SPD says it melted gun once owned by Navy Yard shooter
But Seattle police say they still don’t know why Aaron Alexis never got charged after being arrested in 2004 for allegedly shooting out car tires.
Seattle Times staff reporter
Seattle police melted down a handgun seized in a 2004 malicious-mischief case involving Aaron Alexis, the former Navy reservist who died in a gunbattle with law-enforcement officers on Monday after killing 12 people during a shooting rampage at the Navy Yard in Washington, D.C.
The disclosure added a footnote to the 2004 case, which has raised questions because Alexis was never criminally charged.
Courtroom audio reveals that on June 4, 2004, King County prosecutors asked a judge to hold Alexis on $25,000 bail after he was arrested for allegedly shooting out two tires of a construction worker’s car parked next to his home in Seattle, The Associated Press reported Thursday. Despite the bail request, King County District Court Judge Mariane Spearman released him from custody on two conditions: that he not possess guns, and that he have no contact with the construction worker.
In a brief exchange, Alexis told the judge he could agree to the conditions, which were in force for 72 hours. When Alexis appeared in court three days later, he was released and the conditions were lifted when no charges were referred by Seattle police to the King County Prosecuting Attorney’s Office, which normally handles felony charging decisions.
Seattle police released a police report Monday that said detectives referred the case to Seattle Municipal Court on June 15, 2004 — although it is the City Attorney’s Office, not the court, that handles misdemeanor charging decisions.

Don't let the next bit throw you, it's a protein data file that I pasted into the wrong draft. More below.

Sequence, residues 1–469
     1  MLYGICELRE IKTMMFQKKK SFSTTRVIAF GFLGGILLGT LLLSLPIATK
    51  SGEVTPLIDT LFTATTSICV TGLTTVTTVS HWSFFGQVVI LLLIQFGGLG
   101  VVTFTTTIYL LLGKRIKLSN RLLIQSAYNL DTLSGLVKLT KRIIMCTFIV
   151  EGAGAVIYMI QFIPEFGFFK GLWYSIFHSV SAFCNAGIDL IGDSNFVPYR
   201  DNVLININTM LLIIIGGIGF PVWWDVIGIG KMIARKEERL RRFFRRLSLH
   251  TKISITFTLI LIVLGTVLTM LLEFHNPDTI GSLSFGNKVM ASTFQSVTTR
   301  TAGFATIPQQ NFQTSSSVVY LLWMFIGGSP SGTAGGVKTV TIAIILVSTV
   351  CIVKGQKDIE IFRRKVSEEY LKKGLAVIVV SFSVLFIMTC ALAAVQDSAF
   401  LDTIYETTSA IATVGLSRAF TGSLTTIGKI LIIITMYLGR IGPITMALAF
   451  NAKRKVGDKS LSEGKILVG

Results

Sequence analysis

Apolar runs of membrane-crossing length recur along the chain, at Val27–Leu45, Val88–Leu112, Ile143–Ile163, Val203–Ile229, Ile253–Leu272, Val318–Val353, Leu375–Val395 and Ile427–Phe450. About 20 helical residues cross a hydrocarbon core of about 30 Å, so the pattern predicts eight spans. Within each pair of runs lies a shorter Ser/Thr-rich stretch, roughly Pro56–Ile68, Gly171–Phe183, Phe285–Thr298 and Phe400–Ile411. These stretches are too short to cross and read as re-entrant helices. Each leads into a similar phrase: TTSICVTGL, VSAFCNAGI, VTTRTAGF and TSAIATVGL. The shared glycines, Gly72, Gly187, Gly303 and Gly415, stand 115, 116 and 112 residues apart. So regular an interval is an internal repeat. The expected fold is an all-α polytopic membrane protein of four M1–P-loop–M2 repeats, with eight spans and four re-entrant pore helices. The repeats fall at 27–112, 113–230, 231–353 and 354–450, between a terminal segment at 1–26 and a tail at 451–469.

The Seattle City Attorney’s Office said Monday that it never received a police report documenting the malicious mischief and did not have the opportunity to consider charges.
Seattle police spokesman Sgt. Sean Whitcomb said Friday that it remains “inconclusive” what happened. But the department reiterated Friday that its records show detectives forwarded the case.
During the course of the case, the department said, Alexis repeatedly contacted detectives, asking for the return of his gun, a .45-caliber Glock.
“Detectives did not release the firearm, as they had not received paperwork indicating Alexis’ case had been declined for misdemeanor charges,” the department said in a statement posted on its news website.
Whitcomb said a detective refused to release the gun because it was considered evidence, and then the weapon apparently went unclaimed.
The gun was held by the department’s evidence unit until 2007, when it was melted down, the statement said.
In 2010, the full case file — containing Alexis’ confession, evidence logs, witness statements and other details — was purged from Seattle police records in keeping with department procedures, the statement said.
Only the initial police report and detective notes were retained.
After his arrest in the Seattle case, Alexis told detectives he had been “disrespected,” leading to a “blackout” fueled by anger, according to the 2004 police report.
If convicted, the finding would have been recorded and Alexis might have been subject to anger-management counseling. His right to own a gun would not have been affected because the case involved a misdemeanor.
Since Monday, information has emerged suggesting that Alexis, 34, had been experiencing worsening mental-health issues in the weeks and months before his still-unexplained attack, according to NBC News.
Information from SeattleTimes archives is included in this story.
Steve Miletich: 206-464-3302 or email@example.com On Twitter @steve miletich